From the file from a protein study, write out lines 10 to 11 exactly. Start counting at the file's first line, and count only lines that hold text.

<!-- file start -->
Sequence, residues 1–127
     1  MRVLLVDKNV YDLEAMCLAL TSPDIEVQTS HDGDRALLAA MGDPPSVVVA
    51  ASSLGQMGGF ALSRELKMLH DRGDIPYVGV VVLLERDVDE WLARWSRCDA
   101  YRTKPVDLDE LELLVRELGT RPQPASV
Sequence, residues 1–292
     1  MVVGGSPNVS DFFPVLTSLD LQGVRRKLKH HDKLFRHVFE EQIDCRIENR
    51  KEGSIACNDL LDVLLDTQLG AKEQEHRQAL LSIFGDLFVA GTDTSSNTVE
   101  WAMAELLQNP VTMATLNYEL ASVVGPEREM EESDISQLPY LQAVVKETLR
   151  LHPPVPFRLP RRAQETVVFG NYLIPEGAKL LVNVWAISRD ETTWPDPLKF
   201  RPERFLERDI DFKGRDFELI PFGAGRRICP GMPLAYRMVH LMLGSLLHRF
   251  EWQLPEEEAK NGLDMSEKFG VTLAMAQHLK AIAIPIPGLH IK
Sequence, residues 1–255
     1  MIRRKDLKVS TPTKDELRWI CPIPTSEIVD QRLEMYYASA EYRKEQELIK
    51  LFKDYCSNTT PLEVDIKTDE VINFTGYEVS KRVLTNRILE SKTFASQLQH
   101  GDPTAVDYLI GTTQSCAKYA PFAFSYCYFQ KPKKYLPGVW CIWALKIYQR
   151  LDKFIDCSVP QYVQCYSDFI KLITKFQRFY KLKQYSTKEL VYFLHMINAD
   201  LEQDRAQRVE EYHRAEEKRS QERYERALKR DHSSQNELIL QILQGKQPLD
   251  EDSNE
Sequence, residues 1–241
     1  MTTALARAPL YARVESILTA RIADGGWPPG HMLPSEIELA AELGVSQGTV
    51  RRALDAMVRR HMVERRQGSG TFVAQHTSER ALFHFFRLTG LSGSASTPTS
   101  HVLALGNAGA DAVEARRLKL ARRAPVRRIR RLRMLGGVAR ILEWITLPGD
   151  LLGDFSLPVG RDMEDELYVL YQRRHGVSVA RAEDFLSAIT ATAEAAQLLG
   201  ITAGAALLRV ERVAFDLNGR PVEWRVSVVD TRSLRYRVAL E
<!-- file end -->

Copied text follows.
   201  RPERFLERDI DFKGRDFELI PFGAGRRICP GMPLAYRMVH LMLGSLLHRF
   251  EWQLPEEEAK NGLDMSEKFG VTLAMAQHLK AIAIPIPGLH IK